A view towards helices α22 and α23 in domain 3. The color code from Figure 1A was maintained, and a transparent surface was added to provide a view of the groove where one DNA strand binds. All residues that may play a role in double strand separation are indicated and labeled. Helices α22 and α23 have been labeled and indicated by arrows.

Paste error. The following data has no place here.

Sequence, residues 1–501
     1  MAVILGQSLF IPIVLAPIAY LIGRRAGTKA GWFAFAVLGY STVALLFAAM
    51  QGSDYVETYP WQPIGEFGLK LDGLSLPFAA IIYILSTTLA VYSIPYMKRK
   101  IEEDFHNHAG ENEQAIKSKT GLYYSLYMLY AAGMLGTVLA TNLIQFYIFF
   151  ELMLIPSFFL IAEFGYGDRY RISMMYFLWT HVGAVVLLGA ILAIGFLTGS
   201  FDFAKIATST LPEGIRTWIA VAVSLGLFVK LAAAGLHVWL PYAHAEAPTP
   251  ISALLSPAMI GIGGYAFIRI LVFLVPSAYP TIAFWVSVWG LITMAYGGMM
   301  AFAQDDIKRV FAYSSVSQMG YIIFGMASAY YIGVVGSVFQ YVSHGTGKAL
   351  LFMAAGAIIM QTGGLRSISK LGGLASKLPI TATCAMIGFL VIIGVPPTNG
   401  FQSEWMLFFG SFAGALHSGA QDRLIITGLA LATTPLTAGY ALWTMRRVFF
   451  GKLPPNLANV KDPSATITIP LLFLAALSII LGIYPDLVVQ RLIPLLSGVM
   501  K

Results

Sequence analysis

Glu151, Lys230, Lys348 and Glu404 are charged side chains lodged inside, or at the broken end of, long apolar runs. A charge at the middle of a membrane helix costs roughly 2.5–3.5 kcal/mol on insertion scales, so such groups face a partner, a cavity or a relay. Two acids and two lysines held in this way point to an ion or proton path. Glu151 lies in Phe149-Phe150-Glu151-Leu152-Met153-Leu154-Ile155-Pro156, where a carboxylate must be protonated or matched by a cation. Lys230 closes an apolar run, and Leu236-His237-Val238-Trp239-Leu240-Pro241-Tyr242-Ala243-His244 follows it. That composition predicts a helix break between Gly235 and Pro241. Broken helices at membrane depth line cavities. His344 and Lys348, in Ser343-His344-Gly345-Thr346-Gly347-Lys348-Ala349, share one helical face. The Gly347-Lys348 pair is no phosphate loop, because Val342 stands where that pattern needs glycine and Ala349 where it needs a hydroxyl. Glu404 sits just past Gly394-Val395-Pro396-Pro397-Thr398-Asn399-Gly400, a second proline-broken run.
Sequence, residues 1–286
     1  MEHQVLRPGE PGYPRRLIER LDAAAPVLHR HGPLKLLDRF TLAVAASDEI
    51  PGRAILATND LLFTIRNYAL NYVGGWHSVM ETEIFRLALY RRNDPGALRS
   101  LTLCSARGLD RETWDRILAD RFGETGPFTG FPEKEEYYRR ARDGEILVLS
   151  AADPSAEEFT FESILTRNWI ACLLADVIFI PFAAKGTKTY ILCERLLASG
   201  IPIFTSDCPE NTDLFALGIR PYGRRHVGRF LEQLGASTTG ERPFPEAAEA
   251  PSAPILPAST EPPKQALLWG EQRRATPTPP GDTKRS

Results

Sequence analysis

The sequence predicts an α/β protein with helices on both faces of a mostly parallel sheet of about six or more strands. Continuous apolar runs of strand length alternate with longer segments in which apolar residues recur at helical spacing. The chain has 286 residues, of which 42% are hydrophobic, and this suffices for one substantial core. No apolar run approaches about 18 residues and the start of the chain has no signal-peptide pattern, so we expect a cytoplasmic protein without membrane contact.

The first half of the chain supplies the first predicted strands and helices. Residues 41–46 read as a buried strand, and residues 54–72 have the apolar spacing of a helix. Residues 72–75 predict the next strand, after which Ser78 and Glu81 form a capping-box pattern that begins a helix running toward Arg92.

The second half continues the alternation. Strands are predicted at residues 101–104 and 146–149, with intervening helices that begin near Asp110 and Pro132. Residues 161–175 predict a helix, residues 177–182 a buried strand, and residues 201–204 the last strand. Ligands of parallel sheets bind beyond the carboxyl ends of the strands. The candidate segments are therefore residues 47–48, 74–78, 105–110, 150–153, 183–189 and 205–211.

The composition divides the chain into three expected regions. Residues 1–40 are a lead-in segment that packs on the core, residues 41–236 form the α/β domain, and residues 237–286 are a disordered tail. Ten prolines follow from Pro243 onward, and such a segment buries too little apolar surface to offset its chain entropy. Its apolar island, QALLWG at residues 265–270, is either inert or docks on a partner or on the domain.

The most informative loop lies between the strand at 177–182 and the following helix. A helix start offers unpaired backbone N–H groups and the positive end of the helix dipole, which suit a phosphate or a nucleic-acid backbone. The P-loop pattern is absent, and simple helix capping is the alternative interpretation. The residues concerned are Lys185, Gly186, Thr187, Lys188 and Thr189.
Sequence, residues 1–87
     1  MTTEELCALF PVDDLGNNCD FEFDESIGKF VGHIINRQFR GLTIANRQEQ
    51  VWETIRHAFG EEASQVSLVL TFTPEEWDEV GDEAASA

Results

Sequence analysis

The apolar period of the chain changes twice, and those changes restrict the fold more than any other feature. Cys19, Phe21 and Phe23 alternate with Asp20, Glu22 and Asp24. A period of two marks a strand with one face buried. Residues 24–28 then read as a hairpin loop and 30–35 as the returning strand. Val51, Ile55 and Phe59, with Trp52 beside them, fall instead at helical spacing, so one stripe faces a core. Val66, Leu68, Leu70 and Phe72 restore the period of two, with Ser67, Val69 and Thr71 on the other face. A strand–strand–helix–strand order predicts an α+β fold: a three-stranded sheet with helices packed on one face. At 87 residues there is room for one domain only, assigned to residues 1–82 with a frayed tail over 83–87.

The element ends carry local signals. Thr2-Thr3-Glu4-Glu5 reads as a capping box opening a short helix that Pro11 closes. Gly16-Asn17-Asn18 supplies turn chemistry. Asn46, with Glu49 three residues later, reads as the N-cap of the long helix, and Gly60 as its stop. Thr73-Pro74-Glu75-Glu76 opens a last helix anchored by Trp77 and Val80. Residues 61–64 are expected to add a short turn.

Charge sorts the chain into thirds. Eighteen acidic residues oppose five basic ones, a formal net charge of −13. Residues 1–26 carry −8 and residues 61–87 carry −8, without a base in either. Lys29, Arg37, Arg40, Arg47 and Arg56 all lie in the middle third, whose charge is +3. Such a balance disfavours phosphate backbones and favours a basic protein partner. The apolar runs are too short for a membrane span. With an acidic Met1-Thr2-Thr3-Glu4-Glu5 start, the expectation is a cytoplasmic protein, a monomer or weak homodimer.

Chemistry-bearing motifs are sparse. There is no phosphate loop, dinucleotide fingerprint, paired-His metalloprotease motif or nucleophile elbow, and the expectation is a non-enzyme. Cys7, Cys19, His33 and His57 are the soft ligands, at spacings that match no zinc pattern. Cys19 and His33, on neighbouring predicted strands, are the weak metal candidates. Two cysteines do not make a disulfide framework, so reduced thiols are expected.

We propose that the tip of the wedge composed of residues in the loop between α22 and α23 separates the two DNA strands. The last two turns of α22 and the first two helical turns of α23 contain several aromatic amino acids, which could stabilize the separated DNA strands in a fashion similar to that observed for Hel308. On one side of this wedge, the highly conserved residues Tyr540 and Tyr545 are oriented with their side chains pointing towards the solvent where they could easily form stacking interactions with the exposed bases of ssDNA. These stacking interactions can then be continued by additional solvent-exposed aromatic residues, such as Tyr23, leading the ssDNA along the back of the protein to a position where the two strands meet again to reform dsDNA. Although exposed aromatic residues are also present on the other side of the wedge, their degree of conservation is relatively low. In our structure, Phe538 and Tyr425 could both stack against the bases in ssDNA. However, only Tyr425 is conserved, whereas Phe538 is replaced by a leucine in eukaryotic XPDs. This substitution appears to be compensated by the occurrence of Phe651 in human XPD, which substitutes for Ser552 in T. acidophilum XPD; and due to the close spatial proximity of the two side chains, they would assume similar positions (Figure 5). Consequently, there is one phenylalanine available that would represent the required stacking partner. In addition, several highly conserved, positively charged residues, such as Lys583 and Lys424, apparently define the path for the second strand leading into the groove described above and from there continues through the central hole (Figures 5 and 6).